Similarly, there doesn’t appear to be any robust research into what sort of biological mechanism might explain how a single phenomenon could account for such a wide range of medical and non-medical issues, and again nothing published in the medical literature. Some explanations appeal to the suggestion that because the vibrations occur at specific frequencies (around 7 Hz), then they may interfere with patterns of brain activity called alpha waves, which occur at about the same frequency. Alpha waves are associated with relaxed wakefulness, so you can imagine a scenario in which, due to constant disruption of these waves, a person may be unable to relax or sleep appropriately, which might in turn lead to a range of health problems.
However, that assumes that (a) geopathic stress exists, (b) it affects the brain, and in turn (c) can cause anything from road rage to cancer. Is there any evidence to back that up though? In short, no: there doesn’t appear to be any credible, peer-reviewed evidence. While I could find no randomised controlled trials on geopathic stress specifically, but there’s a useful comparison to be made to research into the effects of extremely low frequency (ELF) magnetic fields. If vibrations from the Earth in the 7 Hz range are causing health problems, then it would make sense that other things that emit electromagnetic fields in a similar sort of frequency range might be trouble too. Thankfully, we do have some data in this area that might be helpful.
In 2005, the World Health Organisation assembled a task group to look at the effects (if any) of exposure to ELF electromagnetic fields on the development and incidence rates of a number of different diseases, most notably cancer. There are a number of take-home messages from the data. The first is, as I’ve already alluded to, that there are no known biological mechanisms through which low-level exposure to ELF electromagnetic fields could cause cancer. Reinforcing this idea, the evidence they review from epidemiological, animal and in vitro studies is similarly inconsistent and inconclusive. In other words, there’s no evidence to suggest that exposure to ELF electromagnetic fields has any impact on the development of cancer tumours, or incidence rates of things like childhood leukaemia. Similar negative findings were found for associations with depression and suicide, neurodegenerative disorders such as Alzheimer’s disease, and cardiovascular disease.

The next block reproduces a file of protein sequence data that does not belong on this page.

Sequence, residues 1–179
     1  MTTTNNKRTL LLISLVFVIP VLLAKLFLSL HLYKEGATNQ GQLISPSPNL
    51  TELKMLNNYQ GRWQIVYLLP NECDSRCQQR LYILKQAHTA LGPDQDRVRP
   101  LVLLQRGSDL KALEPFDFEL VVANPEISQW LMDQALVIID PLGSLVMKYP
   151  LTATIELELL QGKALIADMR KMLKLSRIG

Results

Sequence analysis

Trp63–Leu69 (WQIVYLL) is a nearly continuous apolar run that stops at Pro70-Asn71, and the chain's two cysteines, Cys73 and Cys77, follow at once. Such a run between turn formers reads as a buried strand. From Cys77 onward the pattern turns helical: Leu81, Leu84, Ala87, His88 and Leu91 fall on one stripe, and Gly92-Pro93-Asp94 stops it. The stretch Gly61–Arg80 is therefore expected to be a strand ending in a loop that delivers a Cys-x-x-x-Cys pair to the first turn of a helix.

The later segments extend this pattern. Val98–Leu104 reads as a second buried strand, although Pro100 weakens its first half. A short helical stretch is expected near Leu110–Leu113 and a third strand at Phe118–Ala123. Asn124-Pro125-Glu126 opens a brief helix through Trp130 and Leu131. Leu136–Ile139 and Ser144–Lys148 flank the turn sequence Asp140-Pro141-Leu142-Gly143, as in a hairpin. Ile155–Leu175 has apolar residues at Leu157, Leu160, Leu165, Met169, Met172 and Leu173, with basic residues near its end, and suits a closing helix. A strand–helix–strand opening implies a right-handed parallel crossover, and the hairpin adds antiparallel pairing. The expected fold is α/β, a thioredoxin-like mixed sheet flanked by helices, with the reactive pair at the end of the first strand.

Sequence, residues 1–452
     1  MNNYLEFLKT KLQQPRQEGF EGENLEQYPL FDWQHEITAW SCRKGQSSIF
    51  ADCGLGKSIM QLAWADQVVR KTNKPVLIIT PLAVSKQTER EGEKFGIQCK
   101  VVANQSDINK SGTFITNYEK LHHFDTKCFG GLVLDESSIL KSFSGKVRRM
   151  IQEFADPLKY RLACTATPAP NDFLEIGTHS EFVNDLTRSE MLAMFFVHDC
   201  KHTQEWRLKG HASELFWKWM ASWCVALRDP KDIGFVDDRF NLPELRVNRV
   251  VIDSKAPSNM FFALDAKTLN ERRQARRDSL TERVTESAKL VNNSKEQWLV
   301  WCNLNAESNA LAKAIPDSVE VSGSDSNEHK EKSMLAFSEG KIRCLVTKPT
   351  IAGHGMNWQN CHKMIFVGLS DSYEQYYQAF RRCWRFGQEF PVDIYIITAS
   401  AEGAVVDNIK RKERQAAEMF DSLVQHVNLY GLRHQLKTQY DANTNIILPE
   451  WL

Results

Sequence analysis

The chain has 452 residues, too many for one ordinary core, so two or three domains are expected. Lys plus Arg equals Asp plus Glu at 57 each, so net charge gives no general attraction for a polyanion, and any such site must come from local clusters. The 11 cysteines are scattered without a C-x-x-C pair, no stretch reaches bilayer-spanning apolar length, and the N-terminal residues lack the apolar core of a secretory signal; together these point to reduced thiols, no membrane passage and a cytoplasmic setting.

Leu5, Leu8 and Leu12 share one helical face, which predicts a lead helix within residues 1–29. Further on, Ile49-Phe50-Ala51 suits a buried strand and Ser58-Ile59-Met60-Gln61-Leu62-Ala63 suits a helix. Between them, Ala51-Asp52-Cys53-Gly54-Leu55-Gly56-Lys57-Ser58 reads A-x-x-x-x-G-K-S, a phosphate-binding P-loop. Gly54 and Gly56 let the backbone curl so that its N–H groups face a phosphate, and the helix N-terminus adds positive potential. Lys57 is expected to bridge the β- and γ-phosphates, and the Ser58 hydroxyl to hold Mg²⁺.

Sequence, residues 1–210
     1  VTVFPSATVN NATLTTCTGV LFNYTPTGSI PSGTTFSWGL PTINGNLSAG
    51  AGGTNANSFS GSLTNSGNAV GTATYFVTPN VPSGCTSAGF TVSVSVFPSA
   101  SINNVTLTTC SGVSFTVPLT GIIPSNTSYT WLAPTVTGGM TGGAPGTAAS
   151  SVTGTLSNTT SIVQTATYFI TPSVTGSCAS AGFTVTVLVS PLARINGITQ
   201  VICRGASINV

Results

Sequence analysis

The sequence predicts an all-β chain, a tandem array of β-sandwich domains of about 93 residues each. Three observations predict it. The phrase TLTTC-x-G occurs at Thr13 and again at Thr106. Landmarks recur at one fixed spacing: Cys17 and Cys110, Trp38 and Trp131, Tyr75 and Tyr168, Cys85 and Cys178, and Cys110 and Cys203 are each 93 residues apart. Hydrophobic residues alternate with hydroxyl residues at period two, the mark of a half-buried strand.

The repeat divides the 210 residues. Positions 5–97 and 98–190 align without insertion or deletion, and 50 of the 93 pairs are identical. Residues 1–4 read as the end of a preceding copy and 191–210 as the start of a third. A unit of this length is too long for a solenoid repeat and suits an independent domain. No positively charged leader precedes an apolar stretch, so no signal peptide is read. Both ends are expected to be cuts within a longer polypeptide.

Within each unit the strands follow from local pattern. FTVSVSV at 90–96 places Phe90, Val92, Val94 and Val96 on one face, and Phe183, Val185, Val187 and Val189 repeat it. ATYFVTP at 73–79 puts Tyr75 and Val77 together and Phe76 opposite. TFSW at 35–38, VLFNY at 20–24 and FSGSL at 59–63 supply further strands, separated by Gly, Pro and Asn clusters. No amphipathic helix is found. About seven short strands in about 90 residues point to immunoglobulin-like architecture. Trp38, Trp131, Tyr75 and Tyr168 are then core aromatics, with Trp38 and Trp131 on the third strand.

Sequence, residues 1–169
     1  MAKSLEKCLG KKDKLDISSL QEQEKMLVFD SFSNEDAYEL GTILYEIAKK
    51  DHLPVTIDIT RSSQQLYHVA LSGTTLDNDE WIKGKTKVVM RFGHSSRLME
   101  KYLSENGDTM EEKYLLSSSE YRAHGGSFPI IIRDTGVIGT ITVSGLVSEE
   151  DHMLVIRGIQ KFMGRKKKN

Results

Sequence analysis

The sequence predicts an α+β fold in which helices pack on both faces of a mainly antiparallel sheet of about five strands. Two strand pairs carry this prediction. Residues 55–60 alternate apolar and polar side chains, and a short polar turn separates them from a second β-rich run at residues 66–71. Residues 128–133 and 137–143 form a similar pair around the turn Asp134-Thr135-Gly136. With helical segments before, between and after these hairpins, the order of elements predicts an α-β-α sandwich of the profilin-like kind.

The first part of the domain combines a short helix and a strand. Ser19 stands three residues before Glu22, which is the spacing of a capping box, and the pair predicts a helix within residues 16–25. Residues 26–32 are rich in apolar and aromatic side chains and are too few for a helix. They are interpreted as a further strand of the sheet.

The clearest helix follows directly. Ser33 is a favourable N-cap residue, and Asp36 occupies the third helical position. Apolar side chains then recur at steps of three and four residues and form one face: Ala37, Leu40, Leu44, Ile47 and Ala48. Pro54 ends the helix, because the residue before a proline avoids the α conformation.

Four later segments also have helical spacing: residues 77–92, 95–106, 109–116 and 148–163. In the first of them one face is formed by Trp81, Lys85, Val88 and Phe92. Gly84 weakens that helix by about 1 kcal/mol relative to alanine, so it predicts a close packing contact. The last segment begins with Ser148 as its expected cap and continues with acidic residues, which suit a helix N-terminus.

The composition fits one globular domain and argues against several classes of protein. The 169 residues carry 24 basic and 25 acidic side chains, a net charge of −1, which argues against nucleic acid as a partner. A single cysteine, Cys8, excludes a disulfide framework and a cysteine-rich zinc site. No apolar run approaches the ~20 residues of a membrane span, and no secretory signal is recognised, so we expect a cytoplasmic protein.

All in all, it seems unlikely that exposure to these sorts of low-frequency fields has any sort of notable effect on our health, and while the WHO data doesn’t directly refer to geopathic stress, the results seem similarly applicable. We’re surrounded by technology that emits these sorts of fields. If they’re not affecting us, then it doesn’t make sense to claim that similar sorts of frequencies emanating from the ground will have any sort of effect.
Unfortunately, despite the lack of evidence showing any sort of link between geopathic stress and cancer, there are a few people out there happy to assert that there is a connection. And as with any sort of evidence-free claims about esoteric factors that affect our health (I’m looking at you, astrology), the bogus information also comes along with the promise of devices that can help fix the issue. A number of websites sell devices that claim to neutralise geopathic stress and ‘electrosmog’, without any convincing explanation of what the mechanism of action is, nor any scientific evidence or medical trial data to show their efficacy. While they don’t specifically claim that these devices can cure cancer, the implication seems like an easy one to make, especially if you’re having concerns about your own health. Geopathic stress is linked to cancer; these devices can neutralise geopathic stress; you can make the final logical jump for yourself. “Misleading health claims can cause serious harm to vulnerable members of the public.” says Laura. “It is deeply worrying that people could be led to believe that such devices could treat or prevent life threatening medical conditions.”
So should we be worried about geopathic stress? No, and it’s irresponsible of people to claim a link between an unconfirmed phenomenon, and any sort of health issue. And a link with road rage? Especially ludicrous. I don’t know how people manage to convince themselves that these sorts of phenomena exist. I know it probably starts with a little bit of ignorant curiosity about the world; something happens, you don’t know why, and you need to find an answer. Sometimes it’s a really bad thing that happens – at least one website explained how the owner had lost a family member to cancer, and was investigating what the cause might have been. My heart goes out to people in that situation, but it also makes it all the more important not to resort to extraordinary explanations that are devoid of any scientific or medical evidence. If we do, not only do we end up deluding ourselves, but we risk irrevocably hurting others along the way. -- The Guardian.